Since 1945, the United States has not managed a clear military victory with the exception of the 1991 Gulf War. Korea was a stalemate and Vietnam was a loss. Direct military action in Afghanistan, Somalia, Kosovo, Bosnia, and “interventions” in Libya, Syria, Yemen, Lebanon, and Laos/Cambodia did not produce a US “victory” with lasting objectives being achieved.
“Asymmetric warfare” is defined as a war between two forces when the belligerents’ relative military power, strategy, or tactics differ significantly.
However, the primary tactic of asymmetrical warfare is to use “all means available” to defeat the enemy and that does not necessarily mean with bullets and bombs. Sun Tzu in The Art of War: “The supreme art of war is to subdue the enemy without fighting.”
Bullets and bombs cost lives and the public hates to see young men and women come home in body bags more so without a victory. The US method of “asymmetrical warfare” has been economic sanctions.
Economic sanctions are scarcely different than surrounding a city and putting it under siege, depriving its citizens of essentials. The purpose is to get the inhabitants to surrender or to come out and fight. Modern economic sanction warfare was employed by the US with its trade embargo in 1940 to bring Japan to its knees or to start a war, either serving the US objective to halt Japan’s Asian expansion.
The war between the United States and China has begun without a shot being fired. Sun Tzu: “So in war, the way is to avoid what is strong, and strike at what is weak”. Why would China take on the US military, its strongest advantage? The Cold War was won by forcing the USSR to use its limited resources to support its military rather than its economy, which eventually collapsed.
December 2022: President Xi Jinping met with King Salman of Saudi Arabia. March 15, 2023: “Announced in Beijing, Saudi Arabia and Iran agree to re-establish diplomatic relations” and “Saudi Arabia Considers Accepting Yuan Instead of Dollars for Chinese Oil Sales.”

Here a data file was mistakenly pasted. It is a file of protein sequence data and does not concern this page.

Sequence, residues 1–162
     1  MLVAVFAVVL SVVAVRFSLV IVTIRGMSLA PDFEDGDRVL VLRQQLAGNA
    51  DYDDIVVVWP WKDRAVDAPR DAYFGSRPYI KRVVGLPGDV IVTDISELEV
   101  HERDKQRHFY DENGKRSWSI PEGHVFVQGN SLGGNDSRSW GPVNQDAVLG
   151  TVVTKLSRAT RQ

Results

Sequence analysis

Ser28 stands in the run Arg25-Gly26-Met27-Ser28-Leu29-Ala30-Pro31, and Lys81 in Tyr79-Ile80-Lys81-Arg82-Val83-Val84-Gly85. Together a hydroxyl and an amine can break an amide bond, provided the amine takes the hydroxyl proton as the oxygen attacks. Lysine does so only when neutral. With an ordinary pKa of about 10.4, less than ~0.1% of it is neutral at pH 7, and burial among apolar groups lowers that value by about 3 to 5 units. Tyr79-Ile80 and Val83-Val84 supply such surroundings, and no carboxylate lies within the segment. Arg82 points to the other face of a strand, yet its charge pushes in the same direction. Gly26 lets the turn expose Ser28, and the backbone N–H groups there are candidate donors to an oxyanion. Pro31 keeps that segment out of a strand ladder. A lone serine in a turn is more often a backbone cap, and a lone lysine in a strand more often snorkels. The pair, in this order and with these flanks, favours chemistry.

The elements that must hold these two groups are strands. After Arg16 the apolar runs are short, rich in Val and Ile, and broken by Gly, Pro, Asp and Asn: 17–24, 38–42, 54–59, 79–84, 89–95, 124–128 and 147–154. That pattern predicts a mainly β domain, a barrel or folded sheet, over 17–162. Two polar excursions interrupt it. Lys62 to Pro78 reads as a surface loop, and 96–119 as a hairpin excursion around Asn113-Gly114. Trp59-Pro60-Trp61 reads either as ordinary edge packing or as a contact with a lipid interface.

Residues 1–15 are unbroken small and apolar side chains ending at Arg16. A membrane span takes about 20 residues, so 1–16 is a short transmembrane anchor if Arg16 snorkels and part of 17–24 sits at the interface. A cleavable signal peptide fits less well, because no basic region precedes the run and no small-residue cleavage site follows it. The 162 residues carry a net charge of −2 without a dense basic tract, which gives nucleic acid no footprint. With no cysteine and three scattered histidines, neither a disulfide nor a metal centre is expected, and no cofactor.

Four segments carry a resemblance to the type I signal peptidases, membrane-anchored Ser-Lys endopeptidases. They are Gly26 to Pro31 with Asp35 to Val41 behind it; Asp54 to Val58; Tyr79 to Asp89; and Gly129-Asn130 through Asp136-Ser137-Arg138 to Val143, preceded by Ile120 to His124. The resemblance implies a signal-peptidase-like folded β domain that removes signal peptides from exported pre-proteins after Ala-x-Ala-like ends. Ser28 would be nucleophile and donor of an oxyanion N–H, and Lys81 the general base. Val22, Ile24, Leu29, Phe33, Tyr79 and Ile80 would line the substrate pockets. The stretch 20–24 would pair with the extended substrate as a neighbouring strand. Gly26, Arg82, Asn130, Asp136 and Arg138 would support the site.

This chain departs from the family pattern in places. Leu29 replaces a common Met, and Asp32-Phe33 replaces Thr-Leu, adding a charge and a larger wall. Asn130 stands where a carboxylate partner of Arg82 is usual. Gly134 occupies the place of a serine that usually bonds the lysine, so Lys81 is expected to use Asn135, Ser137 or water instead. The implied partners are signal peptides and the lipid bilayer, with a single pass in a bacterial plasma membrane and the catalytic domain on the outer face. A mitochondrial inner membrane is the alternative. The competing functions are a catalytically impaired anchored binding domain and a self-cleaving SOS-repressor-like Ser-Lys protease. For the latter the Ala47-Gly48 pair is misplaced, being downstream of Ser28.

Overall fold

March 29: “Saudi Arabia has agreed to join the Shanghai Cooperation Organization.” April 2: “Opec+ oil producers announced oil output cuts of around 1.16 million barrels per day.” On March 13, the crude oil futures price closed at $72.77. The closing price on April 7 was $84.94, an increase of 17 percent.
However, what Western minds are banking on—quite literally—is the fact that China has $1 trillion holdings of US Treasury bonds although at the lowest amount since 2009. But China has been buying US “Agency Bonds” issued by government entities such as the Federal Housing Administration and Small Business Administration.
China would never be foolish enough to use its holdings of US government debt as an economic weapon by massive selling because then China would incur huge investment losses. Or would it make strategic sense?
It cost the US a billion dollars a year to support anti-communist forces in Afghanistan, Nicaragua, Angola, and Cambodia. But the USSR spent $8 billion annually—which it did not have—to deflect the US impact.
By selling its US treasury and agency debt holdings, China could help cripple the US economy almost overnight. But doesn’t China depend on the US consumer market? Note that the European Union is China’s largest trading partner, and China is the EU’s largest trade partner.
February 8, 2023: “Trade between Germany and China rose to a record level last year, making China Germany’s most important trading partner for the seventh year.” In 2022, China was the third largest partner for EU exports of goods and the largest partner for EU imports of goods. The EU imports more goods from China than it exports, running a trade deficit.
China’s saber rattling near Taiwan has the focus of the US, which feels secure holding its big military stick. The US economy is currently fragile with high inflation, weak and uneven GDP growth, and falling employment. Sun Tzu: “The opportunity of defeating the enemy is provided by the enemy himself.”
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